Static stabilization, transitional stabilization, and dynamic stabilization are phases of progression from closed-chain loading and unloading, to conscious controlled motion with high joint tolerance, and ultimately to unconscious control and loading of the joint. Thus, depending on the patient's tolerance, the exer-

FIGURE 17.28. Initial core stabilization on gym ball may progress with hip flexion and knee extension.

FIGURE 17.29. Depending on the patient's tolerance, the stabilization program may progress to complex on an unstable surface without visual input.

cise program may progress from slow to fast, simple to complex, stable to unstable, low force to high force, and general to specific34,35 (Figures 17.28, 17.29).

Pilates exercises can be an adjunct to progression during the dynamic stability phase of rehabilitation, facilitating improved flexibility, joint mobility, and strength. The Pilates Reformer, an apparatus with cables, pulleys, springs, and sliding boards, is the foundation equipment of Pilates. This low-impact pro-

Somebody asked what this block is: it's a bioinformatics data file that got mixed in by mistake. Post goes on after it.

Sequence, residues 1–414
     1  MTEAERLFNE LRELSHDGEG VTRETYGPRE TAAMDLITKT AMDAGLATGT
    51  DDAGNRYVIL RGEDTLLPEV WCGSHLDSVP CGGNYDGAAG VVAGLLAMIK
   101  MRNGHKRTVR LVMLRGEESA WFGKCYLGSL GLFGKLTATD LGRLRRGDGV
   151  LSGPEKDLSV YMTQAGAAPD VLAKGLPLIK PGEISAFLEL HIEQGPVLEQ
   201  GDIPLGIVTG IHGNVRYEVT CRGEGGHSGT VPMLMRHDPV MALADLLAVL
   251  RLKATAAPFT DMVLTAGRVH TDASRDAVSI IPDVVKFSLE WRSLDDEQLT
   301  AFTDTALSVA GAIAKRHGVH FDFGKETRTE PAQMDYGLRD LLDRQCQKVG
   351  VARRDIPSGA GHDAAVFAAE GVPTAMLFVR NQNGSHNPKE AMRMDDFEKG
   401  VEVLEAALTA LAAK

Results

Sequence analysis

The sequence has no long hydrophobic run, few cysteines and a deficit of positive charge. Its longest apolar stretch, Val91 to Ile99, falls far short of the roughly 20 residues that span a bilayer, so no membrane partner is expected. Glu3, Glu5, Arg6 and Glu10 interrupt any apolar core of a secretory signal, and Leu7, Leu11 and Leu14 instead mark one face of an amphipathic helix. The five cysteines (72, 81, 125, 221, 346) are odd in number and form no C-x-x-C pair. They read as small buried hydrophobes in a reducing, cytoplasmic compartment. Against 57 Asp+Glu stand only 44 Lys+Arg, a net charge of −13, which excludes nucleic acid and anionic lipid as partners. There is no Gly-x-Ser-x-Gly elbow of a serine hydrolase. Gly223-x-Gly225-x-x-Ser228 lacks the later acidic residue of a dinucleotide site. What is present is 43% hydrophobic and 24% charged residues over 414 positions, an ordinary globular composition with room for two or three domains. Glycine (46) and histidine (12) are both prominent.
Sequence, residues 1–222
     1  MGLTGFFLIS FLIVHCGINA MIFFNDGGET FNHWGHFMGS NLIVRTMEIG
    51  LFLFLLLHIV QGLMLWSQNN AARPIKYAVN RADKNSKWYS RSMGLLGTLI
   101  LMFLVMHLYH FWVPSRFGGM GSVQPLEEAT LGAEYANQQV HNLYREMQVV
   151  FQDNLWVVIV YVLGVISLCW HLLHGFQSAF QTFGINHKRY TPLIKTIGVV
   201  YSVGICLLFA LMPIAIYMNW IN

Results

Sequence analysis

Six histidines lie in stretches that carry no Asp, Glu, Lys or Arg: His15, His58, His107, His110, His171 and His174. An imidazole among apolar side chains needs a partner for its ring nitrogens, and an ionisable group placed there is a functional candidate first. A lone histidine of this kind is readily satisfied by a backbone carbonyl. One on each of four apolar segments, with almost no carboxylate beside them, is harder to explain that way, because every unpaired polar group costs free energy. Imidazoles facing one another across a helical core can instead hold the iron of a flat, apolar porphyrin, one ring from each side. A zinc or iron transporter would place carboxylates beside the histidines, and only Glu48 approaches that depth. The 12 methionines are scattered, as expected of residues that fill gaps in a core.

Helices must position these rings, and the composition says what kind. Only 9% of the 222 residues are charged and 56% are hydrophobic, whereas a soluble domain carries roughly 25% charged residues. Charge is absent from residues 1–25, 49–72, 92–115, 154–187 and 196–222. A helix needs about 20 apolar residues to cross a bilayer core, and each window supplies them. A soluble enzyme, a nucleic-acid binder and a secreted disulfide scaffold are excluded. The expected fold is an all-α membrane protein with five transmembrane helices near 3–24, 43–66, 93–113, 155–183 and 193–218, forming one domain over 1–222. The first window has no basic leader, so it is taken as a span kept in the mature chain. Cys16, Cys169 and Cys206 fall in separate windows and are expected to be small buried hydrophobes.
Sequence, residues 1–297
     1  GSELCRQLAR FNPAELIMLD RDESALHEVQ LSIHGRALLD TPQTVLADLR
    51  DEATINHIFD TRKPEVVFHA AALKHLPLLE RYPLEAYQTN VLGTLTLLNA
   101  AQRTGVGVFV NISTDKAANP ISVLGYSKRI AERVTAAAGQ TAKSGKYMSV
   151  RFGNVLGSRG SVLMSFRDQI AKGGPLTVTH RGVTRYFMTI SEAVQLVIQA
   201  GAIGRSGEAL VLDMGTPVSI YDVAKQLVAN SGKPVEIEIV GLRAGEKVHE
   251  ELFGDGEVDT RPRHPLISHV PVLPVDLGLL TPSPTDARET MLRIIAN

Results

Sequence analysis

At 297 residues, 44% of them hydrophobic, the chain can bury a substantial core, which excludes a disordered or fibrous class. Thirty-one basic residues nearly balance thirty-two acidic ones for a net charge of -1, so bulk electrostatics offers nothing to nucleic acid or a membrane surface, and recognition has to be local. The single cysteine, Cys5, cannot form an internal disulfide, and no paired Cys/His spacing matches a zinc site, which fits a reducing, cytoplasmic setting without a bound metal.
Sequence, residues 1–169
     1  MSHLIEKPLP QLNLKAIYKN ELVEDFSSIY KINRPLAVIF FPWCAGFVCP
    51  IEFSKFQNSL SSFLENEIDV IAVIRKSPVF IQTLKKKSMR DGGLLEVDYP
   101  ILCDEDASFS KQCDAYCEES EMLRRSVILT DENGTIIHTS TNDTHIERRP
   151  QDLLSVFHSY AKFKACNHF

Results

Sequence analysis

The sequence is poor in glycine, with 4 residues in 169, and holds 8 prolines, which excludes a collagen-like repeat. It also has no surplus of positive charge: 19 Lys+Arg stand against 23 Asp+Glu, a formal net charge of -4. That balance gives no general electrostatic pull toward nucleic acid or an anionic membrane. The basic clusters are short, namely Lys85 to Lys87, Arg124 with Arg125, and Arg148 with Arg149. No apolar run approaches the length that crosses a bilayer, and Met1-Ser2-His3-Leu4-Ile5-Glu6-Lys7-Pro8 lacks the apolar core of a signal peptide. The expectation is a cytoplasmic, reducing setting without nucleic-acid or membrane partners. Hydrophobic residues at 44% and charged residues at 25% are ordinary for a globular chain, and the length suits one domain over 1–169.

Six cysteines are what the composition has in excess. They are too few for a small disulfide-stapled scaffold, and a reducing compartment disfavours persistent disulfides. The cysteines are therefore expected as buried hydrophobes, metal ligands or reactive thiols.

FIGURE 17.30. Pilates exercises with use of a Pilates Reformer can be an adjunct to progression during the dynamic stability phase of rehabilitation, facilitating improved flexibility, joint mobility, and strength.

FIGURE 17.28. Initial core stabilization on gym ball may progress with hip flexion and knee extension.

FIGURE 17.30. Pilates exercises with use of a Pilates Reformer can be an adjunct to progression during the dynamic stability phase of rehabilitation, facilitating improved flexibility, joint mobility, and strength.

FIGURE 17.31. Used properly, a stationary bicycle can be useful to enhance smooth, fluid joint motion. The resistance is kept low. Initially, the seat is raised high, and then lowered as mobility improves.
FIGURE 17.32. Performance on a NordicTrack or Elliptical Crosstrainer is better tolerated by some than others. Both are excellent devices for gradually enhancing endurance and strength, maintaining low impact.
The Power Of Pilates

The Power Of Pilates

Learn How Pilates Can Fix Your Body And Heal You In Many Ways. Pilates has gotten to be a common way to exercise. Pilates is a process that centers on core strengthening, balance, and flexibility. These principles are a few of the same principles utilized in the rehabilitation of a lot of common orthopedic issues.